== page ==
Jury Nullification: The Top Secret Constitutional Right
30 Pages Posted: 25 Oct 2018
Date Written: May 2, 1996
Jury nullification refers to the inherent power of a jury in a criminal trial to refuse to convict a defendant if the jurors are convinced that such a conviction would be fundamentally unjust. According to the Supreme Court of the United States, this power was intentionally given to criminal jurors by the framers of the Constitution, who were determined to ensure that the jury would preserve an inviolable power to act as a guardian against political oppression and unjust prosecutions. Despite those impressive constitutional roots, however, jury nullification has received a great deal of unfavorable press, at least among modern judges. For many years, state and federal courts throughout the nation have been unanimous in rejecting any suggestion that jurors ought to be advised about their power to nullify, and have in fact agreed that the jurors should generally be told that they have no such authority.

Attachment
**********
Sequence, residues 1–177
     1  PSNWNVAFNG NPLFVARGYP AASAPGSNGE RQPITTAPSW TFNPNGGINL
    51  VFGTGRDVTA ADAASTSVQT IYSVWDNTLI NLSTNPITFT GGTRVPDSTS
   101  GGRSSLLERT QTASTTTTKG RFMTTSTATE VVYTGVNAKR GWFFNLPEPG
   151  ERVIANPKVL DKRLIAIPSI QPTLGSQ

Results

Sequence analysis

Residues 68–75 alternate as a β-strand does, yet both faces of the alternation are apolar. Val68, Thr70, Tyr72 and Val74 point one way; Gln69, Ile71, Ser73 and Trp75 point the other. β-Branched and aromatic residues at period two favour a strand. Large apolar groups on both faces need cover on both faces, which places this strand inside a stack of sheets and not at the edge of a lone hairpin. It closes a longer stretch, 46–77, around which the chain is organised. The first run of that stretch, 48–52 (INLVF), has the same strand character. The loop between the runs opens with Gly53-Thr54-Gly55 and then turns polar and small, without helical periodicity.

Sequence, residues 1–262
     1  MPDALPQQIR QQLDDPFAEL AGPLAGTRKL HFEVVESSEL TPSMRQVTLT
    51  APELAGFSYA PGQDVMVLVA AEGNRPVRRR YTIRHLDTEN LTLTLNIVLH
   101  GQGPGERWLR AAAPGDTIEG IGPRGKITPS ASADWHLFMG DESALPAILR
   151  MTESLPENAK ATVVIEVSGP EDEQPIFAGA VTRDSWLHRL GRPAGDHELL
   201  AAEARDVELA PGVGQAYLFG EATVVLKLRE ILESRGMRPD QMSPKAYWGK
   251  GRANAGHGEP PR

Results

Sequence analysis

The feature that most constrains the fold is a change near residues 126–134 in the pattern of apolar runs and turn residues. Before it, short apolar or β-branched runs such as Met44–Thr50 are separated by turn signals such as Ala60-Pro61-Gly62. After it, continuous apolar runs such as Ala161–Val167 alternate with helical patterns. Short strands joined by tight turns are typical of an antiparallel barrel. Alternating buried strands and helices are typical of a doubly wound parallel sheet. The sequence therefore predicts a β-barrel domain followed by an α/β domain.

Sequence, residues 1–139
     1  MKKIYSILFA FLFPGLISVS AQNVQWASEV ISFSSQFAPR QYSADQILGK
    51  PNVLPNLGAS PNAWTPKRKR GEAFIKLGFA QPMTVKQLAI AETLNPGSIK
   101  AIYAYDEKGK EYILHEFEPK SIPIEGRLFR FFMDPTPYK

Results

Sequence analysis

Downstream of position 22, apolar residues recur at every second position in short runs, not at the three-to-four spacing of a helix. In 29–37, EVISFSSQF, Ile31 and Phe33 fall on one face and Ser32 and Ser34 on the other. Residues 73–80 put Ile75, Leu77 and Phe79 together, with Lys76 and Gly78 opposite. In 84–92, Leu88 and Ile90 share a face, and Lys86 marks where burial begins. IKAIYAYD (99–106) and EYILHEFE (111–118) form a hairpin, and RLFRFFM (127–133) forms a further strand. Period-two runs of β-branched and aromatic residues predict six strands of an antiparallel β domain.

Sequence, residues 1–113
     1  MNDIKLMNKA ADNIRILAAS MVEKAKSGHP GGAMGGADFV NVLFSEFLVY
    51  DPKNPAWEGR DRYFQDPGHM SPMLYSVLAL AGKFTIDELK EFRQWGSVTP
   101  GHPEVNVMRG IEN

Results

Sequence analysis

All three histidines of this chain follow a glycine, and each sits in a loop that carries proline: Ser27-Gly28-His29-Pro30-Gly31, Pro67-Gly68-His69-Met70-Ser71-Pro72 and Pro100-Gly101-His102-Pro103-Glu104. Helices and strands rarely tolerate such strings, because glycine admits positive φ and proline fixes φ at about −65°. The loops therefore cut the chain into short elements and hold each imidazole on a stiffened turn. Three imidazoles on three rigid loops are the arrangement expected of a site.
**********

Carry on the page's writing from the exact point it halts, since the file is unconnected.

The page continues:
This article examines the constitutional roots behind the power of jury nullification. It also lists the six most common reasons given by courts for their persistent refusal to instruct the jurors about the nature of that power – and exposes the logical fallacies underlying all six of those objections. It concludes with a reminder as to how the absurdity of modern American legal doctrine on this topic was accurately predicted, more or less, by a British moral philosopher in the 19th century, and offers some practical suggestions as to what jurors should be told by the trial judge.
Keywords: Jury Nullification, Criminal Trial Process, Constitutional Law, Jury Instructions, Sixth Amendment
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